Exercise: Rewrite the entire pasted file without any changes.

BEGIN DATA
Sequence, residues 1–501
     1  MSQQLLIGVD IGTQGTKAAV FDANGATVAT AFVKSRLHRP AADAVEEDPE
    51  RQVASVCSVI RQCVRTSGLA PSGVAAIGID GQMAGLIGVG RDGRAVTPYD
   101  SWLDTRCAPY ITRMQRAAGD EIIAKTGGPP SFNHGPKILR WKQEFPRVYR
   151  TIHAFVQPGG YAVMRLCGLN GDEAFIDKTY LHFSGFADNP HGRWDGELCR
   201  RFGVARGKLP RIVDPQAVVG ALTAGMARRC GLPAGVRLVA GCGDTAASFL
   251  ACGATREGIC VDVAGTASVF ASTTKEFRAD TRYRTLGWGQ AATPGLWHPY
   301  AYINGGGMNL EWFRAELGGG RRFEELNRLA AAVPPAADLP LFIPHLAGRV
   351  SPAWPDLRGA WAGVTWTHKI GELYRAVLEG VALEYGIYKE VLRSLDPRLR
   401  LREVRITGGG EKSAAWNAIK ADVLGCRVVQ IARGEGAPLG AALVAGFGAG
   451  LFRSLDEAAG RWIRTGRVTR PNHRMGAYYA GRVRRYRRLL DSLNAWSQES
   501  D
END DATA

Sequence, residues 1–501
     1  MSQQLLIGVD IGTQGTKAAV FDANGATVAT AFVKSRLHRP AADAVEEDPE
    51  RQVASVCSVI RQCVRTSGLA PSGVAAIGID GQMAGLIGVG RDGRAVTPYD
   101  SWLDTRCAPY ITRMQRAAGD EIIAKTGGPP SFNHGPKILR WKQEFPRVYR
   151  TIHAFVQPGG YAVMRLCGLN GDEAFIDKTY LHFSGFADNP HGRWDGELCR
   201  RFGVARGKLP RIVDPQAVVG ALTAGMARRC GLPAGVRLVA GCGDTAASFL
   251  ACGATREGIC VDVAGTASVF ASTTKEFRAD TRYRTLGWGQ AATPGLWHPY
   301  AYINGGGMNL EWFRAELGGG RRFEELNRLA AAVPPAADLP LFIPHLAGRV
   351  SPAWPDLRGA WAGVTWTHKI GELYRAVLEG VALEYGIYKE VLRSLDPRLR
   401  LREVRITGGG EKSAAWNAIK ADVLGCRVVQ IARGEGAPLG AALVAGFGAG
   451  LFRSLDEAAG RWIRTGRVTR PNHRMGAYYA GRVRRYRRLL DSLNAWSQES
   501  D